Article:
I think this will be my last post because I don't want to seem like a crusader. Because I'm not. I am more concerned than anything. And if you read the others I ask you kindly to please read this all the way through. I am NOT saying that older palys are all terrible or shouldn't be produced. My first experience with a play that moved me was watching King Lear after my grandfather passed of Altzheimers. Godot has its place. As do all of the other plays I listed in my first post. What I am saying is that theatre is dying because theatre is aging because no new blood, vision, or direction has been allowed to enter. Seattle has been producing new works and the Intiman won their Tony while they were hundreds of thousands of dollars in the red. I understand the danger of producing only new/edgy productions.How about a new production of Strindberg? When was the last time Sophocles was produced outside of a college?I guess my point is that there is no innovation. It's the same plays done the same way, or new plays done the old way. There is no room, as far as I can tell, for a Modern Beckett to write this generation's game changer because of worries about profit and considering those works whose time has passed to still be relevant. Where is the new voice?Hamlet was directed by Trevor Nunn in the West End in 2003 and was considered the best production in a lifetime because Mr. Nunn, somebody easily considered the establishment, did something revolutionary and cast somebody the CORRECT age (a 23 year old Ben Winshaw) to play Hamlet rather than a thirty year old playing a moody child out of college. How about producing Romeo and Juliet with actual teenagers in the lead roles? Everything in theatre has gotten older and complacent. New blood is left to whither in non-union, overlooked purgatory. And audiences have registered the atrophied theatrical ideas.Older plays are fine as long as they are authentically relevant instead of produced with an excuse of metaphor. But newer contemporary plays don't run even the the slightest risk of feeling old, or irrelevant, or thin on metaphor, because... well I've made my point before.Theatre and art will never be rid of the danger of being bad or boring. But an artist's greatest sin is being completely irrelevant and forgettable. And unfortunately nobody beyond us theatre geeks tend to remember that theatre exists beyond touring shows of Disney funded Brodway, musicals that are little more than mix tapes, or staged adaptations of movies.Now, let's shake hands, recognize we're all after the same goal, and see what we can do to fix and save our failing theatres and struggling artists... Love it or hate it, go see Godot, go see local music, go see local art, go see local dance. It's easy to critique. But when nobody is left to tell us stories except the prepackaged we will all wish we'd been better to those who put themselves out there.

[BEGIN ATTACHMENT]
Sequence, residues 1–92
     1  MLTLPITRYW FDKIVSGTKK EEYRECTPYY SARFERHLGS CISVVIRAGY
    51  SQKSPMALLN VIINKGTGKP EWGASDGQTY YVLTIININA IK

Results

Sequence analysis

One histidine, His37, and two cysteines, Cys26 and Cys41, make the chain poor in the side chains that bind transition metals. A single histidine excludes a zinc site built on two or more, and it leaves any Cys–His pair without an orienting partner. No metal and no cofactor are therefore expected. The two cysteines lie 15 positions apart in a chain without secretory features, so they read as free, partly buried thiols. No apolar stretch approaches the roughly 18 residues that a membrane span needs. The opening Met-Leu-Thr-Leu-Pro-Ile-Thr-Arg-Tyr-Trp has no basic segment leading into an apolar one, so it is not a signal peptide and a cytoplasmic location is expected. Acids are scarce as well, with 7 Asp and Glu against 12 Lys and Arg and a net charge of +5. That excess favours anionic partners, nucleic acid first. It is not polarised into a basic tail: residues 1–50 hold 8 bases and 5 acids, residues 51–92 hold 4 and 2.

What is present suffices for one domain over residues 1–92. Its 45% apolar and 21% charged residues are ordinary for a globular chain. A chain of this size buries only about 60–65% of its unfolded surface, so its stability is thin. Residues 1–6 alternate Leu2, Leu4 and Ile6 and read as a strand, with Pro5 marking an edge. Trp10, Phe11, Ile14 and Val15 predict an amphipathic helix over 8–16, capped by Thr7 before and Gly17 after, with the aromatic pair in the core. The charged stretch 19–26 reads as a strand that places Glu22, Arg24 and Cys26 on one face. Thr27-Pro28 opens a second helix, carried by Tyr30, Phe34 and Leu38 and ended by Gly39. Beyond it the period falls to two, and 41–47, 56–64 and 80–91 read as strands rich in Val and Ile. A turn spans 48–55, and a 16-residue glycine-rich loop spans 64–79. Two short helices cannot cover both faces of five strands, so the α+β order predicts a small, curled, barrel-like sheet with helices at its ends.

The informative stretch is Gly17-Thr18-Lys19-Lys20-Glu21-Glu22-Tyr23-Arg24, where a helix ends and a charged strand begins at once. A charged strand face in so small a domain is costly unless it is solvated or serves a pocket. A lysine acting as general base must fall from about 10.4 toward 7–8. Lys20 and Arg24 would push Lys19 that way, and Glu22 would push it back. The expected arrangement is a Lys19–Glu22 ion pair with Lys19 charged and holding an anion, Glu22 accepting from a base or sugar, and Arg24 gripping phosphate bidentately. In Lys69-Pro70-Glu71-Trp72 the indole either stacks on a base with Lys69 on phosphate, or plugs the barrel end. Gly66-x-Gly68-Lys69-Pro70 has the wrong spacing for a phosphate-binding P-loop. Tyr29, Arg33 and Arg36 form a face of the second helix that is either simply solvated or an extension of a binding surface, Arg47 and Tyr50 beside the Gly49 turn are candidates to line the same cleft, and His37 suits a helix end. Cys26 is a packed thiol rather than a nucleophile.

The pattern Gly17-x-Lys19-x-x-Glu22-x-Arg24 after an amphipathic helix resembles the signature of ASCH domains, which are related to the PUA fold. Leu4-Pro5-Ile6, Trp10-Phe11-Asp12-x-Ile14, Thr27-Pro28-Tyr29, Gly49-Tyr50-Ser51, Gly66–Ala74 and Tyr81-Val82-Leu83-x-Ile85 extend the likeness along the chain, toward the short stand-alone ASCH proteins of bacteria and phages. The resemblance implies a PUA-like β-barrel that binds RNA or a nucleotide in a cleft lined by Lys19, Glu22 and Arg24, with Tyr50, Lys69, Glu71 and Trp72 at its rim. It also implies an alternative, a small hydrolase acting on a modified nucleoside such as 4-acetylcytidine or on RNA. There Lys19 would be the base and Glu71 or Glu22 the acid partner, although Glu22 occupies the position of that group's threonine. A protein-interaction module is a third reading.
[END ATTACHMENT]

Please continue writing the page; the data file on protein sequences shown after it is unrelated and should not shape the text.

blog,blog,blog,blah,blah,blah.....for people who can't
Thank you...excellent list...and great discussion as well. I do need to take exception to one point made by Mr. Andrews. "ARt was the only theatre in town that understood what people wanted to see." I think every theatre in existence knows what people want to see...well-performed pieces of theatre that speak to them in some way...that touch them...make them feel, think, laugh, cry, rage, or maybe, if I may dare to say it, be entertained. See, here's the thing...there are many people, including myself, who would be excited to see the plays on your list. And many...probably more...who would not. Which leads me to think that a combination of different theatrical offerings may be what is called for. In bigger cities with more venues, theatres may be able to specialize and still hope to find an audience base wide enough to support them. In Spokane, it's more difficult. We have fewer people with more limited theatre-going dollars and a tendency to spend those dollars more conservatively. I hesitate to bring up OKLAHOMA yet again, but think about it. A lot of people came to see it, and enjoyed it. GODSPELL is currently selling out in the Studio. Also in the Studio, WOMEN OF LOCHERBIE sold very well while above their heads, the tapping feet of NO, NO, NANETTE had some full houses, too. Each of these shows has a very different kind of appeal, but each of them does appeal to many theatre goers. There is, or should be, room for all of it. Which is why we need to build not a better community theatre or a better regional theatre but a better community OF theatre in Spokane. It's a frustrating, but sadly true fact that those of us who DO theatre in Spokane - and would love to see more of those shows on your list - are probably among the least able to find the time and the funds to attend and support theatre in Spokane as much as we would like...but we should try. We should strive for excellence and hold ourselves to high standards; but we should also forgive ourselves and each other when things aren't perfect. And we must continue the extremely difficult task of building - and respecting - our audience. We should be breaking our backs to give Mr. Andrews what he craves; but Mr. Andrews also needs to keep in mind that no one sets out to do something bad. I guarantee you that each and every piece we do is a labor of love. That we don't all love the same things in the same way is not a good thing or a bad thing, just a true thing.